Mui Ne is a town and cape located 180 kilometers east of Ho Chi Minh City (220 kilometers on the current highway). In 1999, the town of Mui Ne, plus the village of Hon Rom and Suoi Nuoc Beach north of Mui Ne were combined into one ward and, along with a number of other communities along the coast, were annexed by Phan Thiet. This annexation nearly doubled the population of Phan Thiet to just under 400,000, thereby allowing it to be registered as a city.
Northeast of the city center of Phan Thiet, the coastal road climbs over the slope of a hill in Phu Hai ward and descends onto the long, sandy crescent of Mui Ne Bay in Ham Tien ward. The formerly little-inhabited beach west of the fishing town and cape of Mui Ne proper has seen some serious development in the last 20 years. Now it is a 10 km long strip of resorts that line up like pearls on Nguyen Dinh Chieu and Huynh Thuc Khang streets, shaded by coconut palms.
Given the choice, nature would move the sand around, much to the dismay of some developers. Beach sand tends to migrate up and down the coast seasonally, leaving some (but not all) spots with just a concrete breakwater rather than sandy beach. There is always a good sandy beach somewhere along this 10 km beach. If a sandy beach is important to you, some research is called for before booking a resort in Ham Tien ward.
A few bargain hotels have popped up on the inland side of the road, across from the beach-side resorts. If you stay on the inland side, you will need to pass through one of the resorts to reach the beach, which might or might not result in some hassle from the guards. The resorts jealously guard their lounge chairs and palapas, though the beach itself is open to everyone. If all else fails, you can always access a nice sandy stretch of beach via Joe’s Cafe at 86 Nguyen Dinh Chieu, with a drink purchase.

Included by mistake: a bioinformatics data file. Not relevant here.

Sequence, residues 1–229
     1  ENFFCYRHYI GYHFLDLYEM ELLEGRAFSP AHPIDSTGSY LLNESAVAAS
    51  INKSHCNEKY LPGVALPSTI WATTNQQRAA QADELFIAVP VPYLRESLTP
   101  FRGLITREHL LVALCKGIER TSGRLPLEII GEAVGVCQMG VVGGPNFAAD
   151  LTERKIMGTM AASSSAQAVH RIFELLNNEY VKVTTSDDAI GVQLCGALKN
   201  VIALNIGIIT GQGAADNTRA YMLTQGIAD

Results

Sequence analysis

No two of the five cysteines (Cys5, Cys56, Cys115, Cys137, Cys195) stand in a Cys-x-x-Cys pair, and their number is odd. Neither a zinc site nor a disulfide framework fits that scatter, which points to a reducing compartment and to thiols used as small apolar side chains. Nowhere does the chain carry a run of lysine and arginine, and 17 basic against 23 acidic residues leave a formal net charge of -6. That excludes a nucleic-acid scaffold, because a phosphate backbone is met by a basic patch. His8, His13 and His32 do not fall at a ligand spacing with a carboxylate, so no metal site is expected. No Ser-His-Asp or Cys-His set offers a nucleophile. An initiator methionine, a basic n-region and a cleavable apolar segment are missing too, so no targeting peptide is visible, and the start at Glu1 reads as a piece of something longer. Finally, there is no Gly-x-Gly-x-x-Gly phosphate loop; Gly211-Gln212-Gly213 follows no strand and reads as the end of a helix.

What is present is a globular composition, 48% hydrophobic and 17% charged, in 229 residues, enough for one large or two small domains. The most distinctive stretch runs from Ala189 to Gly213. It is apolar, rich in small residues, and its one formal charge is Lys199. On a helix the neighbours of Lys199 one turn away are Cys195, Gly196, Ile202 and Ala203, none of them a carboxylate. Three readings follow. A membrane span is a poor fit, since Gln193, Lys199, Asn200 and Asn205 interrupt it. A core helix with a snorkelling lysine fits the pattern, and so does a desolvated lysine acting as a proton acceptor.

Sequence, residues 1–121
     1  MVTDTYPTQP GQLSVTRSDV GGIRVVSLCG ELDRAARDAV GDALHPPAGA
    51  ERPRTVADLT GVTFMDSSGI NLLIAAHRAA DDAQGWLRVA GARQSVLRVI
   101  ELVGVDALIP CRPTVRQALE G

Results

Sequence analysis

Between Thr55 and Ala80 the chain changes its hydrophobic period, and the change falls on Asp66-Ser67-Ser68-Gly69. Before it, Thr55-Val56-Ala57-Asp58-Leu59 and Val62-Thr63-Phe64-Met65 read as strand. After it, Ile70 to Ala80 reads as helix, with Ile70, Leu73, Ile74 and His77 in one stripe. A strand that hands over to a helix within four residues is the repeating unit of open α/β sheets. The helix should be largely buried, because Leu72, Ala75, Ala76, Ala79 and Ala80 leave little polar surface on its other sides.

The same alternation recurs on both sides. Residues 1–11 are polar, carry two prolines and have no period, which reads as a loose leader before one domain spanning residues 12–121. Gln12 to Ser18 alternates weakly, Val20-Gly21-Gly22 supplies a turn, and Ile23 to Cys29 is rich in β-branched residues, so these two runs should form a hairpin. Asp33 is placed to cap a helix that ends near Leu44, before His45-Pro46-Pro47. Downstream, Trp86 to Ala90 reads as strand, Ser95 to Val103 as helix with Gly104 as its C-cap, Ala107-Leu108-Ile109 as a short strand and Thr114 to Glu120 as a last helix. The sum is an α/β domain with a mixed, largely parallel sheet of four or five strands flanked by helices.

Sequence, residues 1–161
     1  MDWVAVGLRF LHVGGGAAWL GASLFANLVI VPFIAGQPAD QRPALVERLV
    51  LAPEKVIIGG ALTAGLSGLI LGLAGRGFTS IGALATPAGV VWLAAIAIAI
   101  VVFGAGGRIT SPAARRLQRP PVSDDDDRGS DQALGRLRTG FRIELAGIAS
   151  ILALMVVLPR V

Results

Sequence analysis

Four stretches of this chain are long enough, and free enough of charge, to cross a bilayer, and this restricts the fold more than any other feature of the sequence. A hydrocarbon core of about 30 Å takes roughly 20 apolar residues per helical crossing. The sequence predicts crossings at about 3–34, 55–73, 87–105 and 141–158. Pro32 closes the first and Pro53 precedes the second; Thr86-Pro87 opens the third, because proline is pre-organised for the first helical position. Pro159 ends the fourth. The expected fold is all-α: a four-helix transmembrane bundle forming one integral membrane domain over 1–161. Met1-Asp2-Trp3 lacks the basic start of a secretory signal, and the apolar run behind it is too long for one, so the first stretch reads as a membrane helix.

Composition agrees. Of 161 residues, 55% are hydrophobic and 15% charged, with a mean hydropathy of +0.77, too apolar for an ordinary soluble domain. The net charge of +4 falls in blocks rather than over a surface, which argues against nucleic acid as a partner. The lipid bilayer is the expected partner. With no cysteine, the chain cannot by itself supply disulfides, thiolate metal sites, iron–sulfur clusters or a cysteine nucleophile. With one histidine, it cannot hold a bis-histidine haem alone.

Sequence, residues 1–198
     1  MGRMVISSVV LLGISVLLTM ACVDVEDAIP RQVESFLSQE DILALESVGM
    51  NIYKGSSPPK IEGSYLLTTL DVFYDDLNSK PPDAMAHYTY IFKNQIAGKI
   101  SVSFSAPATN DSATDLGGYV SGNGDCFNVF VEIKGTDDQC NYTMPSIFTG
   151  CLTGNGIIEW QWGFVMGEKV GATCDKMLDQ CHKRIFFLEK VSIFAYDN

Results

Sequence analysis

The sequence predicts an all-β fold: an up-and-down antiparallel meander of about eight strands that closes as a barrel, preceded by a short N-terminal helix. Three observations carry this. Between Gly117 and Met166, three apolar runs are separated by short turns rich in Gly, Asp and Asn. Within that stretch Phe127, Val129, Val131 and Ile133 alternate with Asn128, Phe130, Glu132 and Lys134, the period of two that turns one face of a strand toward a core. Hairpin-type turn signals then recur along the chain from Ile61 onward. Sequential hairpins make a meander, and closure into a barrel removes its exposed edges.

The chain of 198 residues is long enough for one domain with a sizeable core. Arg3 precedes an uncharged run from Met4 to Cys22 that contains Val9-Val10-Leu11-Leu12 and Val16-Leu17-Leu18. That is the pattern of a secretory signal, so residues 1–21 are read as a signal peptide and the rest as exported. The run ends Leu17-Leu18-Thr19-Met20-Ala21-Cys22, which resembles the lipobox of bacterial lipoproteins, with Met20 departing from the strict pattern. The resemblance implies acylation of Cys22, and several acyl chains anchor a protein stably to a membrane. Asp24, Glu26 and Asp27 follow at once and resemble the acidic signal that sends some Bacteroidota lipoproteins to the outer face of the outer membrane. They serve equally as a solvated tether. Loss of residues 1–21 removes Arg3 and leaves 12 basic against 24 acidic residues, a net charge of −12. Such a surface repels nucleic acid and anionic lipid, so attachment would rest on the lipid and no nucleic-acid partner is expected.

Within the past few years, resort development has expanded into Mui Ne ward, as well as along the coast south of the Phan Thiet city center in Tien Thanh commune and the area around the Ke Ga lighthouse. Phan Thiet and most particularly Rang Beach in Ham Tien ward is very popular with Russian package tour tourists which means most of the restaurants have signs, names and menus in Russian. With the decline of the Russian Ruble, Russian tourist numbers have dropped, but since late 2016, they are again on the rise.
Mui Ne ward itself has two beaches; Ganh Beach and Suoi Nuoc Beach, both with an increasing number of resorts, shops and restaurants. Strong sea breezes make all the beaches of Phan Thiet very popular for kitesurfing and windsurfing.
Rang Beach in Ham Tien ward was first discovered by many foreigners when they descended on the area on October 24, 1995 to watch a solar eclipse. Scientists had predicted that one of the best places in the world to see the total eclipse was on the beaches northeast of the Phan Thiet city centre. Guide books directed would-be astronomers to the beach along Mui Ne Bay, incorrectly referring to Ham Tien as ‘Mui Ne’ and Rang Beach as ‘Mui Ne Beach’. This confusion has continued and most tourists still think that all three wards east of the city center are called Mui Ne.
Places should visit in Mui Ne:
Mui Ne Market and Harbor (Lang chai Mui Ne). Don’t miss out on an excursion to Mui Ne harbor and market. Near the northwest end of town is an overlook with a splendid view of hundreds of colorful fishing boats moored in the bay.
Po Sha Inu tower is a derelict remainder of the ancient Cham culture that was built in the 8th century.
Fish Sauce Plants, where the famous nuoc mam (fish sauce) is produced. Big jars harbour the concoction that, after months in the blazing sun, is sold all over Vietnam to add some spice to the food.
The Fairy Stream (Suoi Tien) is a little river that winds its way through bamboo forests, boulders and the dunes, in parts resembling a miniature version of the Grand Canyon.
The famous Red Sand Dunes (Doi Cat), are located in Mui Ne on the main coastal road at the intersection with the four lane (706) highway. The whole region is fairly sandy, with orange sand threatening to blow onto the coastal road in some spots.